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    ABSTRACT: Fabry disease is an X-linked lysosomal storage disorder caused by a deficiency of the enzyme alpha-galactosidase A. The lack of enzyme activity results in an intracellular accumulation of glycosphingolipids, mainly globotriaosylceramide, in various tissues. Significant morbidity is caused by progressive effects on the vascular endothelium, heart, brain and kidney leading to end-stage renal disease. In this review we would like to give a current overview on recent advances in therapy and an outlook on future aspects in the management of Fabry disease. Besides symptomatic management, enzyme replacement therapy with recombinant alpha-galactosidase A is the only specific treatment currently available. Clinical trials using recombinant alpha-galactosidase A showed safety and efficacy in reversing substrate storage in different tissues. Short-term response on clinical manifestations such as impaired kidney function demonstrates a clear potential to improve and stabilize symptoms of the disease. In patients with residual enzyme activity enzyme enhancement therapy with pharmacological chaperones seems to be an attractive approach. Enzyme replacement therapy mediated by gene transfer may become a promising alternative treatment strategy in the future. Remarkable advances in the treatment of patients with Fabry disease have been made with the introduction of enzyme replacement therapy in clinical use. Although lysosomal globotriaosylceramide deposits are cleared very effectively, longer term experience on clinical outcome in patients with severe vital organ involvement is still limited.
    Current Opinion in Nephrology and Hypertension 10/2003; 12(5):491-5. · 3.96 Impact Factor
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    ABSTRACT: Enzyme replacement therapy (ERT) has been shown to enhance microvascular endothelial globotriaosylceramide clearance in the hearts of patients with Fabry disease. Whether these results can be translated into an improvement of myocardial function has yet to be demonstrated. Sixteen patients with Fabry disease who were treated in an open-label study with 1.0 mg/kg body weight of recombinant alpha-Gal A (agalsidase beta, Fabrazyme) were followed up for 12 months. Myocardial function was quantified by ultrasonic strain rate imaging to assess radial and longitudinal myocardial deformation. End-diastolic thickness of the left ventricular posterior wall and myocardial mass (assessed by magnetic resonance imaging, n=10) was measured at baseline and after 12 months of ERT. Data were compared with 16 age-matched healthy controls. At baseline, both peak systolic strain rate and systolic strain were significantly reduced in the radial and longitudinal direction in patients compared with controls. Peak systolic strain rate increased significantly in the posterior wall (radial function) after one year of treatment (baseline, 2.8+/-0.2 s(-1); 12 months, 3.7+/-0.3 s(-1); P<0.05). In addition, end-systolic strain of the posterior wall increased significantly (baseline, 34+/-3%; 12 months, 45+/-4%; P<0.05). This enhancement in radial function was accompanied by an improvement in longitudinal function. End-diastolic thickness of the posterior wall decreased significantly after 12 months of treatment (baseline, 13.8+/-0.6 mm; 12 months, 11.8+/-0.6 mm; P<0.05). In parallel, myocardial mass decreased significantly from 201+/-18 to 180+/-21 g (P<0.05). These results suggest that ERT can decrease left ventricular hypertrophy and improve regional myocardial function.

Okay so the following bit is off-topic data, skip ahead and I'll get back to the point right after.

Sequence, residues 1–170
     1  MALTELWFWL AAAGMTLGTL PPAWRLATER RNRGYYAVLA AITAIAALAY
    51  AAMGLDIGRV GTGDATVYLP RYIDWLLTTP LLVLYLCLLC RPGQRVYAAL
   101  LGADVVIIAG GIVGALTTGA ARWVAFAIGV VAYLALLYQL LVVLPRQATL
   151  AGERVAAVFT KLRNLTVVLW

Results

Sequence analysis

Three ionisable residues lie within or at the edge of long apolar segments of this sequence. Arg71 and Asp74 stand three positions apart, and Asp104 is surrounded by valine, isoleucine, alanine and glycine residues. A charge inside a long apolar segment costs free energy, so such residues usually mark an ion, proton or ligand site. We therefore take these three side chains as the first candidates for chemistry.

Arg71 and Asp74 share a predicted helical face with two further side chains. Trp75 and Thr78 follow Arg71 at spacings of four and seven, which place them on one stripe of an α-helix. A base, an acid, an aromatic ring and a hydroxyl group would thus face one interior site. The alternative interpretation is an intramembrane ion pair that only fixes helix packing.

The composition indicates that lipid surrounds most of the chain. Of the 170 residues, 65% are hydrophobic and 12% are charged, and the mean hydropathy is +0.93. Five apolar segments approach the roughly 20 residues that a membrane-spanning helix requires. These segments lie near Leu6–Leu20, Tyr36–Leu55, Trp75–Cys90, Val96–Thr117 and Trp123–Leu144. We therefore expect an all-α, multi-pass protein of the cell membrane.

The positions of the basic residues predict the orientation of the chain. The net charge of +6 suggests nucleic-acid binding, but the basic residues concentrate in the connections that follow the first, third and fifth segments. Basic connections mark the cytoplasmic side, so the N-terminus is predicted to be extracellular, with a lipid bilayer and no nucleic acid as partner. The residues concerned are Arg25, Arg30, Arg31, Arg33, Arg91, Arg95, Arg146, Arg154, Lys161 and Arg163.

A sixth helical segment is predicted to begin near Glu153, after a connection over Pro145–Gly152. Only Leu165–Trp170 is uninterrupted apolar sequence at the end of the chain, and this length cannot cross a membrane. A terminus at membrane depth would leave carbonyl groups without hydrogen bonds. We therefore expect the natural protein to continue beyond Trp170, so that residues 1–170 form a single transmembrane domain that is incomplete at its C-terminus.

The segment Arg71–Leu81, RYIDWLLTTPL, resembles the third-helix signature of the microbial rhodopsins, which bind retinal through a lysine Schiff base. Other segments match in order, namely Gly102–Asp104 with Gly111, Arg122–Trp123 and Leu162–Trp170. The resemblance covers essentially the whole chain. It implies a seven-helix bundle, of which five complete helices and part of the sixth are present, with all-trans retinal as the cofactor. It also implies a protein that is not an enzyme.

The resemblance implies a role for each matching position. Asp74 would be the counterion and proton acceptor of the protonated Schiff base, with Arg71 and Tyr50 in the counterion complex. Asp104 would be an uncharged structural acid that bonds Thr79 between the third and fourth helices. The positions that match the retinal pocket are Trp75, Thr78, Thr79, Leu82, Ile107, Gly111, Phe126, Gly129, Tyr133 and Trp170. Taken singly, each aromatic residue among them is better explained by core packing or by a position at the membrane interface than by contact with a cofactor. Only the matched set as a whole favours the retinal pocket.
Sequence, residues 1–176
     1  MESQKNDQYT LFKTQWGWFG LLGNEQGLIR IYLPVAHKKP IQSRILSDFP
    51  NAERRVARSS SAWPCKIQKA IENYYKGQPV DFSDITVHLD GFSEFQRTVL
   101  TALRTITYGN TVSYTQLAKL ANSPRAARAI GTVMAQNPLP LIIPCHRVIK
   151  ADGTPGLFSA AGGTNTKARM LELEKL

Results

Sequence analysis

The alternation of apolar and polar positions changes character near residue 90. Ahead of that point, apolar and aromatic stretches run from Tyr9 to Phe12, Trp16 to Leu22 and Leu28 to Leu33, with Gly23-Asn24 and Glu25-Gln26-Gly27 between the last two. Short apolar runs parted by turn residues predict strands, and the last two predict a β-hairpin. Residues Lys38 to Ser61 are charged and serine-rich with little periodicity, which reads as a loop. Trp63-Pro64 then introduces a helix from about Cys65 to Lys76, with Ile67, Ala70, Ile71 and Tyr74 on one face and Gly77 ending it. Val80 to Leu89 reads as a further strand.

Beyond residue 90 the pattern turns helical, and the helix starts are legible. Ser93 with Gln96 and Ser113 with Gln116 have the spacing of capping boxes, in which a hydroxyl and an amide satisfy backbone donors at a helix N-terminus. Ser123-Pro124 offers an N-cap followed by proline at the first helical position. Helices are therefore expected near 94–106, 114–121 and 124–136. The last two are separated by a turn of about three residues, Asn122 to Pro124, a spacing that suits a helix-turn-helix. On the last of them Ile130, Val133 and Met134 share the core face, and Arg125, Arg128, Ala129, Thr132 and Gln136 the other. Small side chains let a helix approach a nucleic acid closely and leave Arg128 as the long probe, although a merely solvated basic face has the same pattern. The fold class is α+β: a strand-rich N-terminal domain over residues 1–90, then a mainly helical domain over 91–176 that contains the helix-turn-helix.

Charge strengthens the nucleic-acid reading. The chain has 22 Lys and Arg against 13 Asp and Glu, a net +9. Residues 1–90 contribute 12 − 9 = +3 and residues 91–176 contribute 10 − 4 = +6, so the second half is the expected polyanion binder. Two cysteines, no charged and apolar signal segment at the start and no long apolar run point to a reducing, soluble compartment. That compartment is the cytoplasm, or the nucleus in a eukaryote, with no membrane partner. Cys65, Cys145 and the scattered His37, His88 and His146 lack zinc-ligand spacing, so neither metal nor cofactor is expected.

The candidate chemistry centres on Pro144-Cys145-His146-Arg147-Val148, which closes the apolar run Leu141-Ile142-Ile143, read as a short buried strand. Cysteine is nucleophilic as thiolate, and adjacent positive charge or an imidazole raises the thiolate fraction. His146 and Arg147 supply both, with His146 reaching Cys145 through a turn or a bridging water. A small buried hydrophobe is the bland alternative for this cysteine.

Circulation 09/2003; 108(11):1299-301. · 15.20 Impact Factor
  • European Journal of Echocardiography - EUR J ECHOCARDIOGR. 01/2003; 4.